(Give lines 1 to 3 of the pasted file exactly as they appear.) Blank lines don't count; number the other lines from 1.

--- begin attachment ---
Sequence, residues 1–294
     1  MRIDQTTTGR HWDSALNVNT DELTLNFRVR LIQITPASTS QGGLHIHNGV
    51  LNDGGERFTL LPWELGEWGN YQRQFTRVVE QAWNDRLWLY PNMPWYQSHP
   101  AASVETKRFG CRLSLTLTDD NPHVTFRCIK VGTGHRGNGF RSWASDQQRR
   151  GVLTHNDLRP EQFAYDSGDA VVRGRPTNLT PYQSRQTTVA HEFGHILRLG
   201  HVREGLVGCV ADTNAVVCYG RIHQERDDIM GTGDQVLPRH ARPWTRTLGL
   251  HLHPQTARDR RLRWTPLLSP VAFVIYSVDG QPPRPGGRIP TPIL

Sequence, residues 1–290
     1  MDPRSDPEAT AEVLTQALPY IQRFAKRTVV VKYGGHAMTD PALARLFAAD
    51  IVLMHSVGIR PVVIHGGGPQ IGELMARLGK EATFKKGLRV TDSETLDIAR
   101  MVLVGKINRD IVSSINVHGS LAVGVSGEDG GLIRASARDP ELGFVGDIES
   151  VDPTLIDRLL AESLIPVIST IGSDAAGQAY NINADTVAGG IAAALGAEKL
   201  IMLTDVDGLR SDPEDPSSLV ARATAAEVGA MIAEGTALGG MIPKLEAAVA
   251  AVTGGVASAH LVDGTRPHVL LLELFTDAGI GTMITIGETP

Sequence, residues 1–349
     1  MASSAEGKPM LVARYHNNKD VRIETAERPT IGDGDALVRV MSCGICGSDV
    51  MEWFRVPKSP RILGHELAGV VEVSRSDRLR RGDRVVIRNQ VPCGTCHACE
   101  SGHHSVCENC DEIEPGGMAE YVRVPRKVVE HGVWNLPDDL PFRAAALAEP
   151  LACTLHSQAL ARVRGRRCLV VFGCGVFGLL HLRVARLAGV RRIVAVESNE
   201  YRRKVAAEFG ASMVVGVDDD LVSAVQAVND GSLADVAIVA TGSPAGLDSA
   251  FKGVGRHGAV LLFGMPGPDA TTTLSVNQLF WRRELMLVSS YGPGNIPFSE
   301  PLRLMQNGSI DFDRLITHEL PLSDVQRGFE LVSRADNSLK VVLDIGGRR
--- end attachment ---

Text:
Sequence, residues 1–294
     1  MRIDQTTTGR HWDSALNVNT DELTLNFRVR LIQITPASTS QGGLHIHNGV
    51  LNDGGERFTL LPWELGEWGN YQRQFTRVVE QAWNDRLWLY PNMPWYQSHP